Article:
Wills and Trusts
The Living Trust
Deciding whether to invest in a living trust is difficult. You will need to weigh the likelihood, advantages and disadvantages of having your estate probated after your death against the cost of purchasing a living trust now. Try to stick to the facts and be wary of the exaggerated and often outrageous claims that living trust companies make about their products.
WILL: A will is a legal document that gives direction about how you want to distribute your property after death. It does not take effect until your death.
TRUST: A trust is a legal arrangement where one person (known as the “trustee”) controls property given by another person (known as the “grantor” or “trustor”) for the benefit of someone else (known as a “beneficiary”). Although it is not a requirement, with most living trusts, the grantors are also the trustees during their lifetimes, as long as they remain competent.
What is in a Complete Revocable Trust Package?
Revocable Living Trust Agreement -1
Pour-over Will -2
Schedule of Assets -3
Assignment of Personal Property -4
Advanced Health Care Directive -5
Detailed Instructions for Funding and aftercare -6
Durable Power of Attorney for Finance -7
Certification of Trust (recorded at the county clerk's office) -8
Grant Deeds/Quit Claim Deeds for transferring of Real Property into the Trust -9
Get the FACTS
Wills and living trusts allow you to choose how your property will be distributed after death. Although there are other issues to consider, the primary advantage of a living trust is that it can make it easier to avoid the delays and costs that sometimes arise in probate. Property transferred into a living trust before death does not go through probate. However, this may not matter to you because you may not have to worry about probate in any case.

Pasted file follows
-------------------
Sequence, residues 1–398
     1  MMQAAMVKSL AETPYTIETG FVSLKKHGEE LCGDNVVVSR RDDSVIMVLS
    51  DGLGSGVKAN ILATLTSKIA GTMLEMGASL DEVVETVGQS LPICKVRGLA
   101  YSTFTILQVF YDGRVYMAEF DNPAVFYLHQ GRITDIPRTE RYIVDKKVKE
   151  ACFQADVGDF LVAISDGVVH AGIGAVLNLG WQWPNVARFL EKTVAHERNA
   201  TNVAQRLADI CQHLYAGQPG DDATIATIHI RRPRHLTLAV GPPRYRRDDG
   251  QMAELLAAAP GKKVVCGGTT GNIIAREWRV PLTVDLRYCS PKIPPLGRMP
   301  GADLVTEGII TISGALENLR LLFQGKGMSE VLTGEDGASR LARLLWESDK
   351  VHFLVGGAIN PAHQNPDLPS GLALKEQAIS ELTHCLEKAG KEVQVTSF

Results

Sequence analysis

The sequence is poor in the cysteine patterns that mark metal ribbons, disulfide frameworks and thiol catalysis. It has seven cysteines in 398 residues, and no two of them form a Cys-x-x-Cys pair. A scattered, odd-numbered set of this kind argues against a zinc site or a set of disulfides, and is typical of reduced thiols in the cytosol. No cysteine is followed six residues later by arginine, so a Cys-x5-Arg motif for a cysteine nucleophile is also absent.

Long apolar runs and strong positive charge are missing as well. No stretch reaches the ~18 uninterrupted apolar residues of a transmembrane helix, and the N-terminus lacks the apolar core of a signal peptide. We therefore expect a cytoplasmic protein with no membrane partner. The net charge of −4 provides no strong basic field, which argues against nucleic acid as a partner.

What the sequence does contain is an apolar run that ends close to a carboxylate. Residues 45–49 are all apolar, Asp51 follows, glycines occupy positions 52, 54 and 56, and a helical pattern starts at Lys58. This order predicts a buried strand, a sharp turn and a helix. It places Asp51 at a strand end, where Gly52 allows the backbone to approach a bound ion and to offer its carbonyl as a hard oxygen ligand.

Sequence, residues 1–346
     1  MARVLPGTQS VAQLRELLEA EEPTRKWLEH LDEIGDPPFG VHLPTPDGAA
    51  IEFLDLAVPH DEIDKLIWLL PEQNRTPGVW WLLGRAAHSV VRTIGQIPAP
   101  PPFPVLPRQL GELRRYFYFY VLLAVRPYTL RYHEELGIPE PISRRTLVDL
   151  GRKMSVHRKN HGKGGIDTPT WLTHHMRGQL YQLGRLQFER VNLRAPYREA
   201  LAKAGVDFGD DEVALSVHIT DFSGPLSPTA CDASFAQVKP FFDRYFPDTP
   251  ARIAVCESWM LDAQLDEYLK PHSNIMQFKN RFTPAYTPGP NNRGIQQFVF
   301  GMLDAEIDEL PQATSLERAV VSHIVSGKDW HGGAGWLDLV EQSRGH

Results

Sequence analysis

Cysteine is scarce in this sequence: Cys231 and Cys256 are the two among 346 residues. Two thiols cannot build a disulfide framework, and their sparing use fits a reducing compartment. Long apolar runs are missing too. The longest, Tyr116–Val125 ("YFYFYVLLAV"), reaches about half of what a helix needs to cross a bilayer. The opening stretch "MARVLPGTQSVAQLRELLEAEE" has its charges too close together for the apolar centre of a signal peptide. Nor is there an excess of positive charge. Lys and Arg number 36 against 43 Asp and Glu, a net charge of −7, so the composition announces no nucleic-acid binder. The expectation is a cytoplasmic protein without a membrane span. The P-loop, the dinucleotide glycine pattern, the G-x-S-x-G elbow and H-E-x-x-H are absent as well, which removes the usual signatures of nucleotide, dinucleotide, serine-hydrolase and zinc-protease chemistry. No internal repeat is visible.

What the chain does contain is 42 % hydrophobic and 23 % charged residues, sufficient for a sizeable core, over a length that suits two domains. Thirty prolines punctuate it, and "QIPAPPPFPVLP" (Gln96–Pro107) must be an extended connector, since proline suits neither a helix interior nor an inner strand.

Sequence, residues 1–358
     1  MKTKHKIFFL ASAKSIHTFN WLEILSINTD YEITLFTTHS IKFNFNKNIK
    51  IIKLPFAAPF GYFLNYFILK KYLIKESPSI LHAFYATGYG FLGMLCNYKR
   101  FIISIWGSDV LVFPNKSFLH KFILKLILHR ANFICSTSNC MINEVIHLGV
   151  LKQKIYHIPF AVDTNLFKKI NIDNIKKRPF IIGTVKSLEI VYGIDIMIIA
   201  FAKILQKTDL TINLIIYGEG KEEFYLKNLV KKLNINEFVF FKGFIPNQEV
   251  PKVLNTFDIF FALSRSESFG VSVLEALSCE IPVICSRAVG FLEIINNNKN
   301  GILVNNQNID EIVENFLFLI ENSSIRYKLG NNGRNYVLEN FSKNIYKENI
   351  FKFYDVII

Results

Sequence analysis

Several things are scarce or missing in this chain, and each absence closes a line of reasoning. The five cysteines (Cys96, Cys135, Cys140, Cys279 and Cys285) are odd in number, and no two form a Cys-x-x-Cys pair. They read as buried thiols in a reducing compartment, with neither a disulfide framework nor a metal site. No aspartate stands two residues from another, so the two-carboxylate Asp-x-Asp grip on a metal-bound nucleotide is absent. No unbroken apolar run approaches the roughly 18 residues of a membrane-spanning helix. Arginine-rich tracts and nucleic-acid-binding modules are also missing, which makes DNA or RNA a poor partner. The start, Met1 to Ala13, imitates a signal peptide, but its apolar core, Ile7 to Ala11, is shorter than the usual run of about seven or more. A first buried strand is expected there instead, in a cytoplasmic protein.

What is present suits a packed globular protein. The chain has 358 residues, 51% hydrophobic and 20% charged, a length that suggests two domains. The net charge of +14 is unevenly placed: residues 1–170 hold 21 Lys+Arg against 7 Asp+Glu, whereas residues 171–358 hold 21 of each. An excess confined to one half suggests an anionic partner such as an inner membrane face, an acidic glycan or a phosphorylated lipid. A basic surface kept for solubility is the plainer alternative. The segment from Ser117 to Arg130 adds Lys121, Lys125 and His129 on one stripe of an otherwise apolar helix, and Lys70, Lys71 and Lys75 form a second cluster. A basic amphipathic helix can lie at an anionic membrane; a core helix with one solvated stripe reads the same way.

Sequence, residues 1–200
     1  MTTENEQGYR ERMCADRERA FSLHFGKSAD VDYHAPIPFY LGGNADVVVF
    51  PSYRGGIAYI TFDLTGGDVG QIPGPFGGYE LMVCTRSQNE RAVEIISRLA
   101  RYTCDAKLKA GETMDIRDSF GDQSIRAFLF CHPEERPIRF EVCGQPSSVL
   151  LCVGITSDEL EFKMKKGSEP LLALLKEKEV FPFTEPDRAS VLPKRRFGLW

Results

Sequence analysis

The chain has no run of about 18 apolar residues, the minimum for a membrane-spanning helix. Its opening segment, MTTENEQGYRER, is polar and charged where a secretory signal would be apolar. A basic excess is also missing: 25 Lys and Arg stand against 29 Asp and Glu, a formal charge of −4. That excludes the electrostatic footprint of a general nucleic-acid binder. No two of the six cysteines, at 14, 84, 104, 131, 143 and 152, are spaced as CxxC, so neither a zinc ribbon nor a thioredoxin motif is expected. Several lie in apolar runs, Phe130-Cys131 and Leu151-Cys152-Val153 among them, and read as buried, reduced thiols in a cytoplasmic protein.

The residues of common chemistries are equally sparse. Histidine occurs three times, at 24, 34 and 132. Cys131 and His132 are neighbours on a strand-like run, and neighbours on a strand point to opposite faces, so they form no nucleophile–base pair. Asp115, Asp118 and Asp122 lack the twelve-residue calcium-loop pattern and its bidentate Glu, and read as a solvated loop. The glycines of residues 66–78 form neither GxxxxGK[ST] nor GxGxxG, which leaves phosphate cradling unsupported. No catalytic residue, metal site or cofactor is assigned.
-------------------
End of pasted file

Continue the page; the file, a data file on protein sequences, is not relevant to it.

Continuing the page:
Avoid giving out private information when you’re shopping around. Many companies will use the living trust as an excuse to find out more about your assets and then try to sell you other products such as annuities or life insurance.
The following is a selected list of publications, organizations and web sites that can help you decide what works best for you:
AARP, “10 Things You Should Know About Living Trusts”. For more information, contact AARP at 1-800-424-3410 or visit their web site at www.aarp.org.
American Bar Association (ABA), “Guide to Wills and Estates” (2d ed. 2004).
For more information, contact the ABA at 1-800-285-2221 or visit their web site at http://www.abalawinfo.org/mon1.html.
Council of Better Business Bureaus, Inc., 703-276-0100 or visit their web site at www.bbb.orgFederal Trade Commission,
“Living Trust Offers:
How to Make Sure They’re Trust-worthy” http://www.ftc.gov/bcp/edu/pubs/consumer/products/pro08.shtm.
Will vs. Trust
-One main difference between a will and a trust is that a will goes into effect only after you die, while a trust takes effect as soon as you create it. A will is a document that directs who will receive your property at your death and it appoints a legal representative to carry out your wishes.
-By contrast, a trust can be used to begin distributing property before death, at death, or afterwards. A trust is a legal arrangement through which one person (or an institution, such as a bank or law firm), called a "trustee," holds legal title to property for another person, called a "beneficiary."
-A trust usually has two types of beneficiaries -- one set that receives income from the trust during their lives and another set that receives whatever is left over after the first set of beneficiaries dies.